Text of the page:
THEY may have only just met, but Petar Nakov and Nemo (pictured) have the makings of a long and fruitful friendship.
Vision-impaired Mr Nakov and his new seeing-eye dog Nemo were at the Highpoint shopping centre recently as part of Nemo's training in the tricky arts of guiding.
Nemo's help means that riding escalators, crossing the road or negotiating footpaths cluttered with signs, furniture and other obstacles will become much easier for Mr Nakov.
The pair were accompanied on their excursion by Seeing Eye Dogs Australia (SEDA) trainee instructor Anna Gigliotti-Skret.
Ms Gigliotti-Skret said training took about four weeks, including time spent in SEDA's Kensington home and a visit to Mr Nakov's home in Sydney to get Nemo settled in and finish off his training in Mr Nakov's local neighbourhood.
"Nemo has all the basic skills, but when we make a match we visit the home to see what kind of environment the dog is going to be working with," she said.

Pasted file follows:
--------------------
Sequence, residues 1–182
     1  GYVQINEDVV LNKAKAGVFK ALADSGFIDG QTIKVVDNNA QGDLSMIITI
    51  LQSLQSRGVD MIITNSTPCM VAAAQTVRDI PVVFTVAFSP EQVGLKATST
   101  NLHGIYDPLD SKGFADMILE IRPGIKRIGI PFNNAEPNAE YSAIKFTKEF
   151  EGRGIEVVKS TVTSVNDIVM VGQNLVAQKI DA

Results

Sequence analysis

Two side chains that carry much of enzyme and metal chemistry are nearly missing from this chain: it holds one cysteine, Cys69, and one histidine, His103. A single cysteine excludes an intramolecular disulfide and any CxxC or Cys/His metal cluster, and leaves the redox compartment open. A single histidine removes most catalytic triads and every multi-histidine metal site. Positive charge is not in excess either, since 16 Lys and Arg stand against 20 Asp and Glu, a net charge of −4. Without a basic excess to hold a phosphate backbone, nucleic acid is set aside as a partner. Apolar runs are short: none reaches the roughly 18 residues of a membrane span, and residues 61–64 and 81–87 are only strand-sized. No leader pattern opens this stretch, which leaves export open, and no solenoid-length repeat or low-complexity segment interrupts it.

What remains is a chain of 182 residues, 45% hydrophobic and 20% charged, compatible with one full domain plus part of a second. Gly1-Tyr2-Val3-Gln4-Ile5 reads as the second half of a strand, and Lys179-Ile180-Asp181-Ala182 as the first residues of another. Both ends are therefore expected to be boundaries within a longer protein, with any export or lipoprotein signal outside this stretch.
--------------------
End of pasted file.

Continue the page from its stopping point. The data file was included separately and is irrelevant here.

"We'll be teaching Nemo the routes that Petar usually uses."
It takes SEDA two years and about $30,000 to train each dog. The organisation matches about 60 dogs and blind or vision-impaired Australians every year.
SEDA would love to expand but is struggling to find enough supporters willing to look after puppies in the first year of their lives.
Ms Gigliotti-Skret said the puppy-caring program involved volunteers caring for a puppy from eight weeks until about 12 months of age.
"At the moment we are trying to expand the program, but we're finding we just don't have enough puppy carers."
SEDA is also on the lookout for temporary carers.
To become a puppy carer or learn more about the program, call SEDA on 1800 037 773.